by Gabi Kirk
My favorite Jewish song is “Eli, Eli,” by Hannah Szenes. As a young girl, I learned Hannah’s story of resistance to the Nazis. She left Hungary for Mandatory Palestine before the war, and then voluntarily parachuted back in an attempt to save Hungarian Jews from the death camps. In the end she was captured, tortured, and killed.
In religious school and youth group, my teachers emphasized Hannah’s resilient spirit, her kind heart, and her poetic voice. We sang her songs in class and recited her poem at the beginning of Shabbat services. I cried at her grave in Mt. Herzl in Jerusalem. She was the perfect martyr in that way: young, pretty, passionate, eloquent. She stood against anti-Semitism and for Zionism, the salvation after the fury. Her story was uncomplicated enough for a child to understand, and for most of my life I held her up as a perfect female hero without question. I thought that living like her, individually fighting hatred, was the best way to bring peace. She died at 23, nearly the same age as I am now. She died at the same age as Rachel Corrie.
Rachel is not the perfect martyr. She died facing an Israeli bulldozer about to demolish a Palestinian home in Gaza during the Second Intifada. The Israeli government ruled it an accident, though her parents have filed multiple appeals. She is vilified as a “race traitor,” an American girl gone bad who sided with the enemy. Dozens of websites are devoted to “debunking” her fellow activists’ and her parents’ story of her life and death.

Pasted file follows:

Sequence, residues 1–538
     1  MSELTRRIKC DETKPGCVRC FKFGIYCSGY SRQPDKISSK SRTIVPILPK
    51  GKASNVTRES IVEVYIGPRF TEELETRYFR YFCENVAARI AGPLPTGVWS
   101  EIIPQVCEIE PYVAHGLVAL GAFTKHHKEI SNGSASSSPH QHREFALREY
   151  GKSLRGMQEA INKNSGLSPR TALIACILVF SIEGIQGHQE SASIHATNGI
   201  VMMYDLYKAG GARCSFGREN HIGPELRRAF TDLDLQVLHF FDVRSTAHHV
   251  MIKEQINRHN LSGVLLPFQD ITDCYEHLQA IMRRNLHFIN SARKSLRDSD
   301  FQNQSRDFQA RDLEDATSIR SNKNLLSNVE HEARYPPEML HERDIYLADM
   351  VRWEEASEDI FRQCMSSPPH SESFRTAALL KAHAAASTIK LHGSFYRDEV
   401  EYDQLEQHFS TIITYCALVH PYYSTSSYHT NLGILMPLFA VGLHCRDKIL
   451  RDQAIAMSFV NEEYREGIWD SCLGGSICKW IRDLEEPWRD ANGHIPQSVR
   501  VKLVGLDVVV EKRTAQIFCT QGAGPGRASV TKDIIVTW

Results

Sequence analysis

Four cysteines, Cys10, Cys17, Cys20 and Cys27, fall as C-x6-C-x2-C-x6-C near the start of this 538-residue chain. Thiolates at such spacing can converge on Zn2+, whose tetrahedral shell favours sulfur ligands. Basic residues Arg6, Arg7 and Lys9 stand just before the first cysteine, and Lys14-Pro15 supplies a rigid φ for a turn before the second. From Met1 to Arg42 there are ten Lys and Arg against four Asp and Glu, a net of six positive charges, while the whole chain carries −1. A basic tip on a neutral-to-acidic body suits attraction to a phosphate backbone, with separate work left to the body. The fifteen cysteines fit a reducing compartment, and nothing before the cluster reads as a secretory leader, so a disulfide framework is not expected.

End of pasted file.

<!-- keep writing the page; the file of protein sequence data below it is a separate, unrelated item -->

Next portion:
Yet Rachel and Hannah have more in common than it seems. Both were prolific writers, and their diaries and poetry have inspired musicians, actors, and filmmakers. Both voluntarily entered a war zone to attempt to save innocent civilians. Both died for their cause and are held up as examples: one by the Zionist Jewish community, one by the Palestine solidarity community. Both were young women. Both died too young. But what do they have in common with me? And what do their lives and deaths tell us about the biggest debate in activism: that of violent resistance vs. non-violent resistance?
I consider myself a peace activist. At Jewish summer camp when I was twelve years old I received the award “most likely to speak my mind.” I have organized resistance to many societal ills: racism, sexism, capitalism, any –ism you can think of. I am also a “keffiyeh kinderlach,” one of many young Jews in the Diaspora and Israel who unequivocally stand for Palestinian freedom. I cite Judaism as main reason I fight for justice in this world. I also cite Judaism as the inspiration for my commitment to nonviolence. After all, the Talmud tells us that to save one life is to save an entire world, a message which is real for a tree-hugging earth lover like me. I like to think I follow in the footsteps of these women who came before me. And until very recently I took nonviolence, like Szenes’ story, for granted. I assumed it was the best and truest way to bring justice in this world.